Brake shoes are one of the many mechanical components all braking systems. They carry the brake linings, brake pads, brake blocks, or brake bands, which are connected to them by glue or rivets, to the spinning surface. They do so when they apply pressure to the spinning surface or the brake disc or drum disc of a wheel. This action increases friction and slows the vehicle down. Brake shoes are essential to the smooth operation of vehicles and moving equipment in a number of industries, including agriculture, automotive, cycling, railway, and public transit.
Quick Links to Brake Shoes Information
How Brake Shoes Work
Brake shoes are vital to the proper and safe operation of the braking process. This process begins when a driver or automatic setting presses a lever or pedal, triggering a domino effect of small actions that allow the vehicle to brake safely. First, the brake fluid is released. Under pressure, it travels to every individual braking mechanism, conveying this pressure and amplifying breaking force as a small hydraulic pump engages the shoe. If the brake shoe is working with a drum break, it stretches and thus applies the lining, pad, or block directly onto the spinning surface of the wheel.
At this point, spurred on by the new friction generated between the two materials, the wheel slows down in proportional to the amount of pressure initially applied. On the other hand, if the brake shoe is working in conjunction with a disc brake, the lining, pad, or block onto which it extends does not make contact directly with the wheel, but rather a disc that is connected to the wheel. This process generates a large amount of heat and, for this reason, brake shoes must still be able to hit their mark even when thermal expansion is factored in. In addition, they must be able to apply an extreme amount of pressure onto the wheel or disc when engaged, all the while staying completely clear of the wheel or disc when disengaged.
Brake Shoe Design Design and Customization
Because brake shoes are used for such a vast number of applications, they are available in many different sizes and material configurations. The first component of the brake shoe is block or plate, usually made of metal or ceramics. Curved to be compatible with the wheel or disc, the plate is typically made of iron, steel, or copper. Also acceptable are any alloys that have sufficient heat resistance and durability characteristics.
The use of ceramic brake shoe components has grown in more popular and prominent in the last several years. It continues to grow, as ceramic components are high durable, have excellent absorption qualities, and are much quieter than their metal counterparts. Metal brake shoes, by contrast, let out an irritating grinding noise when they become worn.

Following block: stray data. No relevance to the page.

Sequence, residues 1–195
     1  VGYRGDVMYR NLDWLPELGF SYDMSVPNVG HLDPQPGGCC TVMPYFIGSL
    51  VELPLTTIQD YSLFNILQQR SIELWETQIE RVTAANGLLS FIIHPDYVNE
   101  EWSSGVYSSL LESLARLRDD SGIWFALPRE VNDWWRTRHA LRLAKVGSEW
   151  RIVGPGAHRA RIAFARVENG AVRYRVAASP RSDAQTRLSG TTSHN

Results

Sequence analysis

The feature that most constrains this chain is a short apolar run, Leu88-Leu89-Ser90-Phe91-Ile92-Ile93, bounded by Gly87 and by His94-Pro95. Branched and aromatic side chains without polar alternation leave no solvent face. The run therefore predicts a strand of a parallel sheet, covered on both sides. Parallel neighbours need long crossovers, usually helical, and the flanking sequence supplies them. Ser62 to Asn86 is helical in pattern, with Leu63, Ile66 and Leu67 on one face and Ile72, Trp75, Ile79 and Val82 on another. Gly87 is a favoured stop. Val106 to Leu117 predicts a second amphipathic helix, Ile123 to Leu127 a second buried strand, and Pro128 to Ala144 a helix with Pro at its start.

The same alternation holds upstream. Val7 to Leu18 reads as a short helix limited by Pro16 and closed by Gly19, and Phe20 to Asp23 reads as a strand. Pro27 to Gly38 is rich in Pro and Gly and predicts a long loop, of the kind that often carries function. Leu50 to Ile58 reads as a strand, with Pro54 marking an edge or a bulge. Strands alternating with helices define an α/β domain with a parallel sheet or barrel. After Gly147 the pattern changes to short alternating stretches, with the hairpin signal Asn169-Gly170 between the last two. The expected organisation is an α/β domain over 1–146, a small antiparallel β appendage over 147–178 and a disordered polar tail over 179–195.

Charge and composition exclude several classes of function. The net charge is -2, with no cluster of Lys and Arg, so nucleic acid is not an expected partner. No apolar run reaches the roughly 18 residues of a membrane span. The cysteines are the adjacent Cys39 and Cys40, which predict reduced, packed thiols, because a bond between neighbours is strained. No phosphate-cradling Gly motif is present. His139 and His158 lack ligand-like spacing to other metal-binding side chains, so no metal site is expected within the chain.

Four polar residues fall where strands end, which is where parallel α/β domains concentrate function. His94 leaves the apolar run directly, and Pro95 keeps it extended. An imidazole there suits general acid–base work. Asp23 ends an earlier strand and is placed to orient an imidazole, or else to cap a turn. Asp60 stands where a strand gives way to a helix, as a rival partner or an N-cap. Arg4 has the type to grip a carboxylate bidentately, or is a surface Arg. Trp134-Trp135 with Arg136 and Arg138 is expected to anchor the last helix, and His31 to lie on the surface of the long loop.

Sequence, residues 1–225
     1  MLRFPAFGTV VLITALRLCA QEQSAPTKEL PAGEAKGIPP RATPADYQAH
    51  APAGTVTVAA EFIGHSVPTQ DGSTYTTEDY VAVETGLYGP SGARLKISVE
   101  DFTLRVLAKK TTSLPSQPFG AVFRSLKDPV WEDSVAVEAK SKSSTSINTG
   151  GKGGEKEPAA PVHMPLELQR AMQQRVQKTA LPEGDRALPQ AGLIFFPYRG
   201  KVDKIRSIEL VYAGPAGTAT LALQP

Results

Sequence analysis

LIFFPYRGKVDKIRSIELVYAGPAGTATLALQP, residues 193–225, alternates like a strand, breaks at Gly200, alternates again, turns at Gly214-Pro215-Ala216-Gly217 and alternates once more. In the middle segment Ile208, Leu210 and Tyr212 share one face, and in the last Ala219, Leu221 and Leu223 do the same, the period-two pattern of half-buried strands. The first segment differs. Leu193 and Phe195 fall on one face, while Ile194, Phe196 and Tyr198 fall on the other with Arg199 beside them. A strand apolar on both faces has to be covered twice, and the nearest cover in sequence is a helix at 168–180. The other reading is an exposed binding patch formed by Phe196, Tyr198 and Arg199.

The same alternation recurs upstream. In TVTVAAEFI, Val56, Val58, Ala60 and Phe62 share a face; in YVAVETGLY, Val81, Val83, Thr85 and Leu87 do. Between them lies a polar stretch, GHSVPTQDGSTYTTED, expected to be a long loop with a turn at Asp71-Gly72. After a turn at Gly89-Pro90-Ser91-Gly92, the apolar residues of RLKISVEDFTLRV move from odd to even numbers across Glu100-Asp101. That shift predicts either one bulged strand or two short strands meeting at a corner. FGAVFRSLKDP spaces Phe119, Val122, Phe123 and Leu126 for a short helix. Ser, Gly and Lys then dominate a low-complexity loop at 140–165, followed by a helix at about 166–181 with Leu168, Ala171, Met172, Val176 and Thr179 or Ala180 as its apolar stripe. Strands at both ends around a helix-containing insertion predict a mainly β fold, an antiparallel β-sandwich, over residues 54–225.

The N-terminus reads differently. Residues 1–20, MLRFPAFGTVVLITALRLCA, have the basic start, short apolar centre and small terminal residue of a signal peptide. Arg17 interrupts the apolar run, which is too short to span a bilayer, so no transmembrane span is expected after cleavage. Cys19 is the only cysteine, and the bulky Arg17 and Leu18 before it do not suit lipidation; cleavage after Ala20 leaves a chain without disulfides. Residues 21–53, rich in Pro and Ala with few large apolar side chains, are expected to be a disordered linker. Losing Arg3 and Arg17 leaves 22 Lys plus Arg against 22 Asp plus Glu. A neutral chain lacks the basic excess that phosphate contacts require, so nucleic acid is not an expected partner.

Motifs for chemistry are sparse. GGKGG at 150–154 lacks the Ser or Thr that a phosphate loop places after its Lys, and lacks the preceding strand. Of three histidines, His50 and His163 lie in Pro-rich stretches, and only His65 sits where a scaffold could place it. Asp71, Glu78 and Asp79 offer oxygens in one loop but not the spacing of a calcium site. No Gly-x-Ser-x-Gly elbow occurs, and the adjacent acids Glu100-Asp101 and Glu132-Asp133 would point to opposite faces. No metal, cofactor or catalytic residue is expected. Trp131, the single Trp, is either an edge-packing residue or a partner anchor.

Whether the plate component is made of metal or ceramic, it is connected to the pad or lining by rivets or advanced adhesives. Linings may be made from any number of different of rough or textured materials, known as friction materials, to slow or decrease friction-causing movement. Some of common materials selected to make suitable mixtures include mineral fibers, chopped glass, cellulose, copper fibers, aramid fibers, steel fibers, ceramics, and other carbon composites and semi-metallic and non-metallic materials. Many years ago, the most popular friction material was asbestos fiber, but that is no longer the case, as we now understand that prolonged exposure to asbestos can cause many serious health problems, including the development of mesothelioma, lung cancer, and a type of pneumoconiosis called asbestosis.
Materials Used in Brake Shoe Applications
The selection of brake shoe materials is on a few different considerations. These include, first, wear rates and performance and, second, brake fluid compatibility. Most brake fluids today are glycol-ether based, but other types, including castor oil-based and silicone-based, are available for purchase and use. All brake fluids must meet various requirements of the state and federal government. All brake fluids sold in the North America, for example, must meet the United States Department of Transportation (DOT) standards. Another set of standards to which most brake fluid manufacturers are beholden are those set out by SAE International (Society of Automotive Engineers International).
Brake Shoe Maintenance Considerations
The health of brake shoes must be diligently maintained. Over time, brake shoes become worn, and if they are allowed to wear for too long, the shoe can become directly exposed to the spinning surface. While this may not seem like a big problem, as it still allows for vehicle-slowing friction, it in fact can cause major damage to the surfaces of both the shoe and the wheel or disc. Fortunately, advances in material and chemical engineering, as well as brake shoe design, are helping brake shoes last longer and function better. However, it is still important to treat your brake shoes and your whole braking system well. You may also purchase brake testers, which allow you to know if your brakes are in an acceptable condition. For more information, contact a brake manufacturer today.